Electoral Bonds case: Contempt plea filed against SBI for not furnishing details on time

Association for Democratic Reforms (ADR), in its contempt petition said that SBI is deliberately defying the court’s order and that it is an “attempt to thwart” the transparency efforts ahead of the Lok Sabha elections.
Supreme Court of India
Supreme Court of India
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A contempt petition has been filed at the Supreme Court against the State Bank of India (SBI) for seeking more time to furnish details regarding Electoral Bonds. The petition, filed by  Association for Democratic Reforms (ADR), stated that the bank had not complied with the top court’s order of disclosing the Electoral Bonds details to the Election Commission of India (ECI) before March 6. SBI, who is the issuer of electoral bonds, has submitted a petition at the SC seeking extension of time till June 30. The Supreme Court struck down the electoral bonds scheme, calling it ‘unconstitutional’, in February.

A five-judge constitution bench headed by Chief Justice of India (CJI) DY Chandrachud, on February 15, directed bank to submit the details of buyers of electoral bonds and the political parties that encashed the bonds to ECI before March 6, 2024, and directed the ECI to publish these details on its official website by March 13, 2024. On March 5, the SBI moved the SC seeking time extension citing “practical difficulties”, pertaining to the complexity of decoding and compiling data from the bond sale. The case is likely to be listed for hearing on March 11.

Advocate Prashant Bhushan, representing ADR, meanwhile sought an urgent hearing for the contempt petition and asked the court to list it along with the SBI petition. CJI Chandrachud has asked Bhushan to send an email request with the details of the application number, LiveLaw reported.

ADR, in its contempt petition, said that SBI deliberately defying the court’s order is in contempt of court. It also alleged that the delay is an “attempt to thwart” the transparency efforts ahead of the Lok Sabha elections, and argued that SBI has the necessary infrastructure to compile the information.

The five-judge constitution bench, also comprising Justices Sanjiv Khanna, BR Gavai, JB Pardiwala, and Manoj Misra, deemed the electoral bonds scheme unconstitutional and struck it down, on February 15. The bench issued five directions:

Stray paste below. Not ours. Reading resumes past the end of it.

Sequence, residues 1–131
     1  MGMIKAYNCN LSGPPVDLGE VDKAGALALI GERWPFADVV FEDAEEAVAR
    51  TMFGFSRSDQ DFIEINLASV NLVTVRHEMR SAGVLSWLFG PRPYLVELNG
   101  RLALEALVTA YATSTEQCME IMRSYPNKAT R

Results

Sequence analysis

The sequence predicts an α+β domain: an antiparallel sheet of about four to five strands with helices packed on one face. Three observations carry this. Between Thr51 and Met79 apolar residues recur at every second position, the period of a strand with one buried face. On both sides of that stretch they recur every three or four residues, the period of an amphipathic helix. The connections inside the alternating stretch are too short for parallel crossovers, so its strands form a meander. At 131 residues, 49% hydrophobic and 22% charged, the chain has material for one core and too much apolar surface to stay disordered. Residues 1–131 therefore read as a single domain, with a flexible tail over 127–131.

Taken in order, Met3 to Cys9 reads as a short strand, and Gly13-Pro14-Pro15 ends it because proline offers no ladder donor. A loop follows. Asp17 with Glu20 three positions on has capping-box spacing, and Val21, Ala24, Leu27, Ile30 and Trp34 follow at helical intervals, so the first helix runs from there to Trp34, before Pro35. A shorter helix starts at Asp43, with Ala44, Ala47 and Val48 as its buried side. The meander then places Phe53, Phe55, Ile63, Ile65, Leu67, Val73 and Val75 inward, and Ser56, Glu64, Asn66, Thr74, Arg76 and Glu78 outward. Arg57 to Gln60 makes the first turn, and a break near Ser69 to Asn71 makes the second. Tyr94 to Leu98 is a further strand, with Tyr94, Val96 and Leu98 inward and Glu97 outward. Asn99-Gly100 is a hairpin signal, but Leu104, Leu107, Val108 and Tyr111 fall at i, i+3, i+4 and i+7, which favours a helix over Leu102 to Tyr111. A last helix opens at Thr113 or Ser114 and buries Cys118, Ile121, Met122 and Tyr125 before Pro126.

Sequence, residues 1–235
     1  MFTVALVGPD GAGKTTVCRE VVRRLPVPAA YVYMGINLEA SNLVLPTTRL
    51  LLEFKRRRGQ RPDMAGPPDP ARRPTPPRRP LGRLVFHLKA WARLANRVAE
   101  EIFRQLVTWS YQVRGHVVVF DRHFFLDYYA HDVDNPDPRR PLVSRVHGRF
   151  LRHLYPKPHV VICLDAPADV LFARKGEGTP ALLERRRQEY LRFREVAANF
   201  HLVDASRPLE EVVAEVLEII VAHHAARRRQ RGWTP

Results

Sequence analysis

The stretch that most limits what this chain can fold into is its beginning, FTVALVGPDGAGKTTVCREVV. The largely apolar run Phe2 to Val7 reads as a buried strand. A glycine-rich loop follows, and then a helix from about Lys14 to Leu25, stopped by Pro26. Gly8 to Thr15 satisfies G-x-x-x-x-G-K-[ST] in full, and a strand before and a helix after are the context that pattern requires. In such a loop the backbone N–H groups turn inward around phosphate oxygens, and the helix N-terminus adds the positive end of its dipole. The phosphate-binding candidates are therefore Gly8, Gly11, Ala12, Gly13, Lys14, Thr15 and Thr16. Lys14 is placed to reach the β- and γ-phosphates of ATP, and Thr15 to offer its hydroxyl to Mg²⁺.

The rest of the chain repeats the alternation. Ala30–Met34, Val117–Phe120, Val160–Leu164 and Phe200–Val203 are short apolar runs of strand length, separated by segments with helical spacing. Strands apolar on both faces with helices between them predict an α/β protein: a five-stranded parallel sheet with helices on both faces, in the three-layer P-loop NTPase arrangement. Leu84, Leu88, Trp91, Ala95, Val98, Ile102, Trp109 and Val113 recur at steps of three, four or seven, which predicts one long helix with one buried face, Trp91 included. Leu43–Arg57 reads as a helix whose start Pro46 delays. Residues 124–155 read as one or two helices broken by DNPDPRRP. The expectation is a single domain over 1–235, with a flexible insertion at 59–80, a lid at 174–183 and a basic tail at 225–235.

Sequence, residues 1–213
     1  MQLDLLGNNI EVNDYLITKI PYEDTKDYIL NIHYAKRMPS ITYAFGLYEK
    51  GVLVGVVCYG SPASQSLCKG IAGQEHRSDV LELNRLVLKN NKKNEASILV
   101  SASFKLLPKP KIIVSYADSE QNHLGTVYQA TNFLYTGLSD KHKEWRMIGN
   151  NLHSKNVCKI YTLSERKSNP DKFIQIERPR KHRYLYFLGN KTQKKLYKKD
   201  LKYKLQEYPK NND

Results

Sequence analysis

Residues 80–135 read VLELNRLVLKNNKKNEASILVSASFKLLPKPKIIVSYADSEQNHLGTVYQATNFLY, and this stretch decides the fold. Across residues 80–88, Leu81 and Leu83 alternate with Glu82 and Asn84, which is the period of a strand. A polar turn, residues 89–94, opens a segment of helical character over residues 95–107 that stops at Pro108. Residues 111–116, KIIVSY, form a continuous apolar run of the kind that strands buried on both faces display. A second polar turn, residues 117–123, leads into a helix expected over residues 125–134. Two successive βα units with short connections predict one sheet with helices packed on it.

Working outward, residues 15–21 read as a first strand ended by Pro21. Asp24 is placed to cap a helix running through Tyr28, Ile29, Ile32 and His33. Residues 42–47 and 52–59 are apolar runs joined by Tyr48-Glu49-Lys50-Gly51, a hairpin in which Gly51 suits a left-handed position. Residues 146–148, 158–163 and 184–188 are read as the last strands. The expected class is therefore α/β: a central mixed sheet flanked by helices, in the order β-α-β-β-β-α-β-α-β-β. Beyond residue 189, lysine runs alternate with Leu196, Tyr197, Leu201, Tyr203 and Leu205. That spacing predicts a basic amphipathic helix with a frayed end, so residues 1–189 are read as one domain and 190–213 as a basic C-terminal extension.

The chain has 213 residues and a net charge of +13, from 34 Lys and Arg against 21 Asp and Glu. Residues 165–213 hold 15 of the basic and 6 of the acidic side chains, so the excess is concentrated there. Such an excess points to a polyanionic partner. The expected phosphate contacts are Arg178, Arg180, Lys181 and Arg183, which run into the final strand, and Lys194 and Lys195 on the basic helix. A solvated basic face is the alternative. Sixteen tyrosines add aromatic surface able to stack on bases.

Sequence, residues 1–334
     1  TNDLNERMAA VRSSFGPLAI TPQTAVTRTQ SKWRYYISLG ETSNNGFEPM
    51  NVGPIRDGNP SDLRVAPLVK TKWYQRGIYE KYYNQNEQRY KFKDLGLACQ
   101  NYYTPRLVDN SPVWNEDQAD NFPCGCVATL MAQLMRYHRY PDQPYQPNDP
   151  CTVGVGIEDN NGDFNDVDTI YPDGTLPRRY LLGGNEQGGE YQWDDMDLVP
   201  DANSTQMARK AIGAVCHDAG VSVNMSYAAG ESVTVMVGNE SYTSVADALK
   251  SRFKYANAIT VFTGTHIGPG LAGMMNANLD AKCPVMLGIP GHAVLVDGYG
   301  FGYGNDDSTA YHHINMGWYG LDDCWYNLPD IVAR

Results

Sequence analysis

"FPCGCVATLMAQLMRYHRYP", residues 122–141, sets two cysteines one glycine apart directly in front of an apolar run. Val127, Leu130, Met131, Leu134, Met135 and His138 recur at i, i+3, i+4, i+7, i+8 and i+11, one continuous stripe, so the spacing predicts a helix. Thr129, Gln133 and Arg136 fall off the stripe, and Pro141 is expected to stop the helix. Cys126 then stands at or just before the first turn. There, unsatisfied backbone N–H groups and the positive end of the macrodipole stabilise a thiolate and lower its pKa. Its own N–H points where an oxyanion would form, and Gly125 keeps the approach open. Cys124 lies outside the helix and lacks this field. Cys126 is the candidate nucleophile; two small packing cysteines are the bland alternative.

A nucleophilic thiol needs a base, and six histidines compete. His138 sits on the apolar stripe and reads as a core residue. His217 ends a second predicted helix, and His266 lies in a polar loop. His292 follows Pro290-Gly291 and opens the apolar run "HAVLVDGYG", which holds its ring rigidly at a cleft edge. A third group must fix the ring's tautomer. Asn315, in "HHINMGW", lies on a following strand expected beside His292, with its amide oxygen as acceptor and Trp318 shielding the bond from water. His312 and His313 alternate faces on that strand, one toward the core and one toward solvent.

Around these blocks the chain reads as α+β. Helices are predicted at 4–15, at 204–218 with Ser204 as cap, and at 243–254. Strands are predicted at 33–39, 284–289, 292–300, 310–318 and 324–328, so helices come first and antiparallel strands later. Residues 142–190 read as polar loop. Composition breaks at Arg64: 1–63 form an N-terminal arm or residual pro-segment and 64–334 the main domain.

- SBI should immediately stop issuing electoral bonds.

- SBI should submit the details of electoral bonds that were purchased since April 12, 2019, till date to the ECI before March 6. In April 2019, the Supreme Court had passed an interim order directing all parties to submit the details of donations received through electoral bonds to the ECI in a sealed cover. These details shall include date of purchase, name of purchaser, and denomination of electoral bonds that were purchased.

- SBI should submit the details of all political parties that have received contributions through electoral bonds since April 12, 2019, till date to ECI. These details shall include details of each electoral bond encashed by political parties with dates of encashment and denomination of the bonds. This should also be done before March 6.

- ECI should publish all these details on its official website before March 13.

- Electoral bonds within the validity period of 15 days, which are not encashed by political parties yet, shall be returned to the bank, who will then return it to the purchaser.

The Electoral Bond scheme was introduced in 2017 through the Finance Act, which was passed as a money bill without the assent of the Rajya Sabha. It is similar to promissory notes and allows donors to buy these bonds from the SBI and donate anonymously to political parties. These bonds will not have the donor’s name and neither are political parties required to disclose the source of these bonds.

Read: Electoral bonds verdict: Four major points on which SC disagreed with the Union govt

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